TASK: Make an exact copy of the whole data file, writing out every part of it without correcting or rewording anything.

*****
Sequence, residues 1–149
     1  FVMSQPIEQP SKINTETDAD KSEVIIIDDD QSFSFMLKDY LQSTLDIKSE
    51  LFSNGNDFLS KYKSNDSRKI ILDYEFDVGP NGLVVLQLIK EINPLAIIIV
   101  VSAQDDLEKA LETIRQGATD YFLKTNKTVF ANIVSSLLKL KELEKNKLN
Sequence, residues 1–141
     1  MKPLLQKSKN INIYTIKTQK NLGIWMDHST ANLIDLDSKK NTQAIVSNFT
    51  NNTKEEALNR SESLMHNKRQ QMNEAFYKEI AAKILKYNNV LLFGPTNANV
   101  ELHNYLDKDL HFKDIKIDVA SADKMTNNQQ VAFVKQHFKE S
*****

Sequence, residues 1–149
     1  FVMSQPIEQP SKINTETDAD KSEVIIIDDD QSFSFMLKDY LQSTLDIKSE
    51  LFSNGNDFLS KYKSNDSRKI ILDYEFDVGP NGLVVLQLIK EINPLAIIIV
   101  VSAQDDLEKA LETIRQGATD YFLKTNKTVF ANIVSSLLKL KELEKNKLN
Sequence, residues 1–141
     1  MKPLLQKSKN INIYTIKTQK NLGIWMDHST ANLIDLDSKK NTQAIVSNFT
    51  NNTKEEALNR SESLMHNKRQ QMNEAFYKEI AAKILKYNNV LLFGPTNANV
   101  ELHNYLDKDL HFKDIKIDVA SADKMTNNQQ VAFVKQHFKE S